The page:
They kept him focused on one really good thing he could do rather than on the many other good things now off limits.
He loves his daughter, Becky, 32, who is in graduate school in Davis. But he wasn’t able to see her much — and when he did, it had to be at a distance, outside. He loves hosting dinner parties, which were out of the question. He had to stop going to his beloved market, the famous Berkeley Bowl, and fondling the vegetables, selecting only the best. He was grateful to be able to pay for the Instacart shoppers who went there in his stead, but that wasn’t the same. One had never heard of green beans.
Drawing settled him down. Thinking about what to draw kept his thoughts from flitting by too fast to catch. He began to focus on the material to be found in the pared-down menu of activities a more restricted life had to offer — long walks in the neighborhood, long hours to read and listen to music, so much more time to notice things he hadn’t previously noticed and to reminisce about moments in his life he hadn’t thought of in years.
At a time when he might otherwise have felt entirely unmoored, his cartoons served as an anchor. Friends responded to them in an ongoing online conversation that lessened the distance of enforced separation.
I didn’t know all that in early February when Handman first wrote to introduce himself after he’d read my column about how the L.A. Public Library was asking people to contribute to a digital archive focused on our pandemic experiences. But right away, once I went online to find them, his many-layered cartoons drew me in.
One day I came across Edgar Allan Poe, another day Emily Dickinson, yet another Charles Bukowski. On Day 86, I found cartoon Handman hanging from a clock on a building a la Harold Lloyd in “Safety Last!” On Day 346, two cartoon Handmans stood in a wallpapered hallway wearing matching blue dresses, mouthing a twist on some of the best-known words in “The Shining.”
I loved when his cartoons touched on our loneliness and isolation, on our nostalgia for a seemingly simpler past, on our missing what was. I loved how they also pointed out that staying mostly at home could sometimes feel back to basics in the best way. He captured those moments when we felt like dogs barking through the window at some better world just out of reach. I laughed at his images of “COVID couture” and at the Hug-O-Matic machine and fine dining simulator in his fantasy pandemic inventions .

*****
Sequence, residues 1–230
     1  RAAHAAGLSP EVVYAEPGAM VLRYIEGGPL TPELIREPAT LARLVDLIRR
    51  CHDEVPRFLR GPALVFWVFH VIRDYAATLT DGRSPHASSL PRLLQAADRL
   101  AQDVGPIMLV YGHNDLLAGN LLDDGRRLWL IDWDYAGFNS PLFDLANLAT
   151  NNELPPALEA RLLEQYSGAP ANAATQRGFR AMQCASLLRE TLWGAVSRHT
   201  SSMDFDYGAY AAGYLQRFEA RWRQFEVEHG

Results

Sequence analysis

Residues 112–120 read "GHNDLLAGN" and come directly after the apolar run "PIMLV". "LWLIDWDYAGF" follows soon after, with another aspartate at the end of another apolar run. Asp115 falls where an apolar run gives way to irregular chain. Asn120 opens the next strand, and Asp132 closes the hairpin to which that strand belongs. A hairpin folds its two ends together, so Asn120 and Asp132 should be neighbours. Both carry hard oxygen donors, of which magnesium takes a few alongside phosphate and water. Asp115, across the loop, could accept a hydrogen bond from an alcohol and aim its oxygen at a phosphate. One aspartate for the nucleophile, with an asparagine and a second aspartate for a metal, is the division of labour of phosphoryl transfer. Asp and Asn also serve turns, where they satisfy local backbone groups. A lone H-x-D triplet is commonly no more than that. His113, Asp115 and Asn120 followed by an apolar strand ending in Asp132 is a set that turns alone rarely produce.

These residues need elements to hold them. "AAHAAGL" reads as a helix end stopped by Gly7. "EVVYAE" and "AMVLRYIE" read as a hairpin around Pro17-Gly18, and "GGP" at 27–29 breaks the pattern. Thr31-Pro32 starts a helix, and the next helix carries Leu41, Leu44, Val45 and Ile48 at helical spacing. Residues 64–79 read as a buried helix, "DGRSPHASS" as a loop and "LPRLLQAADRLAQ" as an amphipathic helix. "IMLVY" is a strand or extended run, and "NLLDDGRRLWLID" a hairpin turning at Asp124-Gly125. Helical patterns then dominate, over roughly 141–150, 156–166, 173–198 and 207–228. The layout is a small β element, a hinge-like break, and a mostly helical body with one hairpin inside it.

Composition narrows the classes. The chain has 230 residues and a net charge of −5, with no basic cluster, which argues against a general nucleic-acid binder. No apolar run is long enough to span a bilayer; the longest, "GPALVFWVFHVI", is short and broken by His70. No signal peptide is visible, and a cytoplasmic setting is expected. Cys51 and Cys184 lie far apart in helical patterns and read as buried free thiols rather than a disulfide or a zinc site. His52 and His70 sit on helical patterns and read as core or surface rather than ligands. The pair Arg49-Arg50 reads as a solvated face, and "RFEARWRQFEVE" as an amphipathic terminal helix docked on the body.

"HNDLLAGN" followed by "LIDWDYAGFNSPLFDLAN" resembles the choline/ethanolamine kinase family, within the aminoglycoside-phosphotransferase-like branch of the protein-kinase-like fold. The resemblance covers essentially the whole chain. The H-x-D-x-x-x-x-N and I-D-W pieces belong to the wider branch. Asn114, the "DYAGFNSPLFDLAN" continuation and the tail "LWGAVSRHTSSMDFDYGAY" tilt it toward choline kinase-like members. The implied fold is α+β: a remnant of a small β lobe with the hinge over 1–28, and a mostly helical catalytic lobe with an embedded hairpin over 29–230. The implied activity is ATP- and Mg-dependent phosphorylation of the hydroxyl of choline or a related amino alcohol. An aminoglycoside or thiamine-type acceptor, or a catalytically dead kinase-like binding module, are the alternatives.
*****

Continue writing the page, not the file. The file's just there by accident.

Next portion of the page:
And I kept imagining the real Handman himself, sitting somewhere behind the closed front door of his house, drawing his way through the darkness.
I talked to Handman, who grew up in Culver City, just a few days after he posted Day 365, as we all marked our pandemic first anniversary. I’d been thinking about him as I thought about why that marker was sitting so strangely with me.
I am so relieved to think we might be nearing the end of the pandemic — the end of daily counts of hospitalizations and deaths. I’m so terrified to think that we might not be.
The Los Angeles Public Library is collecting pandemic experiences in an archive. Now it’s your chance to contribute.
I’m excited by the prospect of returning to the freedom of the Before Times — to eat at a restaurant, go to a movie theater, fly on a plane and hug a friend without high anxiety. I’m also melancholy about giving up my cozy and productive, sweatpants-comfy, all-but-car-free homebound life.
The thought of that, I have to admit, turns me a little inside out. Because, if I’m honest with myself, there are so many things I’ve loved about staying put, ramping down, spending more time sitting still with my thoughts.
When I asked Handman if he would have produced 365 cartoons without the pandemic, his answer came quickly: “No. I would not have done anything vaguely like this.”
He would have been “putzing around,” he said. He would have been out driving, shopping for things it turns out he doesn’t need to survive.
Instead, he drew and drew, and in the process, got better at drawing, he said. Absorbed as he was in a fulfilling endeavor, unlike his cartoon alter ego, he suffered very little angst. And out of a bad year he made something really good.